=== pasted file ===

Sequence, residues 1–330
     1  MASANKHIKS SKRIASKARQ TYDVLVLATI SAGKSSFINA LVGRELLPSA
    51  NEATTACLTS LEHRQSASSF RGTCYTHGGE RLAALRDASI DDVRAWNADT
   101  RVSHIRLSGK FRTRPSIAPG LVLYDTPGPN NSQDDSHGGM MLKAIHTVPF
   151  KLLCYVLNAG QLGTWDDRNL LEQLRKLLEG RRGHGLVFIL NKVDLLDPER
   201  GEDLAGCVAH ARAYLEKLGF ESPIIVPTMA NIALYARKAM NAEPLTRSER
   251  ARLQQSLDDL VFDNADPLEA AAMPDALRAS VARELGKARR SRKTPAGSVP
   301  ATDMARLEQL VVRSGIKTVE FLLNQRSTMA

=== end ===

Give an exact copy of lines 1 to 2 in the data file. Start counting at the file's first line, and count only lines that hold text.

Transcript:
Sequence, residues 1–330
     1  MASANKHIKS SKRIASKARQ TYDVLVLATI SAGKSSFINA LVGRELLPSA